"Nuclear" may be an apt descriptor for the threatened, but untested option, not just because of the devastating effect it might have on the political climate in Congress if actually carried out, but also because the very idea of it acts as a deterrent to the other side. Gold details several occasions, beyond 1917 and 1975, when the threat of the constitutional option forced the agitating minority to back down.
The outcome of this year's standoff could shape the appellate bench for decades to come, and with it the interpretation of a variety of laws throughout the nation. And many believe it could affect Bush's search for a successor to Chief Justice William Rehnquist, who has thyroid cancer.
Should the GOP hit the button, so to speak, Democrats are promising all-out partisan war from now until the 2008 elections, which could drag down progress on other issues, such as Social Security reform. But if the Democratic leadership continues to threaten to filibuster appellate nominees - a practice rarely employed before Bush's election in 2000 - because they disagree ideologically with their past rulings on cases involving abortion, land-use rights or race issues, Republicans say they may have no choice but to act.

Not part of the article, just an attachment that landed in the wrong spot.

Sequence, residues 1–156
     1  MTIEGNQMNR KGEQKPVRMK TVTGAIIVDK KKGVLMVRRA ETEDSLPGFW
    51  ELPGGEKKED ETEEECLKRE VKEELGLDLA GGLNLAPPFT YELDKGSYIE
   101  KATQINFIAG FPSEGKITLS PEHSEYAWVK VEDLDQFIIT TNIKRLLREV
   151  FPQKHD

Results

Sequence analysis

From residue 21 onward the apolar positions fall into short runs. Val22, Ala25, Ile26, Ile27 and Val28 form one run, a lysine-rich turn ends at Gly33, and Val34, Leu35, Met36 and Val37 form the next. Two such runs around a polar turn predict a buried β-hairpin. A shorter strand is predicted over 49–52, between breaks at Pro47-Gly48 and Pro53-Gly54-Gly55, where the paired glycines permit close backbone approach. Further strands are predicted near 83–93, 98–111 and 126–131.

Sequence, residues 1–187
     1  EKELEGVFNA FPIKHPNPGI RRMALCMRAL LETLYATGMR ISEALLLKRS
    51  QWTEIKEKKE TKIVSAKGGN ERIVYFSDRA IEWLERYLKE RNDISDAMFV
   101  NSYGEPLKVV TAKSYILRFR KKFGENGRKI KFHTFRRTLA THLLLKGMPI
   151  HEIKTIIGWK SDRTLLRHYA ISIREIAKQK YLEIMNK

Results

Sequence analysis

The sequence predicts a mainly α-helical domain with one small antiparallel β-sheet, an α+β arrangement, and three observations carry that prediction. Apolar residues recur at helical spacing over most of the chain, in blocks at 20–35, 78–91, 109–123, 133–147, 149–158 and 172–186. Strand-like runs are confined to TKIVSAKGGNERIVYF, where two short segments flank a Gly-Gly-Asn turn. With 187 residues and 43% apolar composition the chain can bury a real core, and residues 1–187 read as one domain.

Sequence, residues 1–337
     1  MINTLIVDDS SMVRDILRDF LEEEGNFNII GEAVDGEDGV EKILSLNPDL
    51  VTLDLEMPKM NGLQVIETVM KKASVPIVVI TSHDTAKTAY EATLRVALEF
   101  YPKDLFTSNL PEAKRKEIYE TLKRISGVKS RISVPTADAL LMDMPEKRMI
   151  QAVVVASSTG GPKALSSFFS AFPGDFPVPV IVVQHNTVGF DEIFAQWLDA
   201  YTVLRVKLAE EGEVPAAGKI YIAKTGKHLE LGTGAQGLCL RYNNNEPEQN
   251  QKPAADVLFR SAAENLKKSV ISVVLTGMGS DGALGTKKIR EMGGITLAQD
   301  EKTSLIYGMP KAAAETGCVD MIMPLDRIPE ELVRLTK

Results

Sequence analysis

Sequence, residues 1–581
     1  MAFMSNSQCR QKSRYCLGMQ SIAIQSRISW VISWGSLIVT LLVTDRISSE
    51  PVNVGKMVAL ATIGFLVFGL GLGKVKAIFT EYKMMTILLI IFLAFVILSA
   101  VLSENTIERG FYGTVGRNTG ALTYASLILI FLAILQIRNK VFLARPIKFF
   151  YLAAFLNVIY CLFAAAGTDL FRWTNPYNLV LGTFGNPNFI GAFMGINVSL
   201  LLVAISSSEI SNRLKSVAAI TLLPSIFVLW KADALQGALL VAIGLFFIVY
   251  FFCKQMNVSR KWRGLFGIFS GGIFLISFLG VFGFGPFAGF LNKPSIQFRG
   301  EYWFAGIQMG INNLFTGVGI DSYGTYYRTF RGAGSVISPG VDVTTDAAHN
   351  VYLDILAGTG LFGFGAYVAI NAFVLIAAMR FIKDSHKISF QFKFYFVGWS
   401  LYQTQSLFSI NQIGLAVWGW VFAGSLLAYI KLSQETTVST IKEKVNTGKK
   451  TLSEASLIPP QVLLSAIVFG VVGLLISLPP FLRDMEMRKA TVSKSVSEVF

Many constitutional scholars think the nuclear option could survive a court challenge. But few say it would yield a positive outcome - and some say it has such a potential downside that they don't believe Republicans will go through with it.
"If the Republicans try to do this, the Democrats will grind the Senate to a halt," said Erwin Chemerinsky, a Duke University law professor who also has researched filibusters. "So much operates on a consent calendar, and the Democrats can keep that from happening."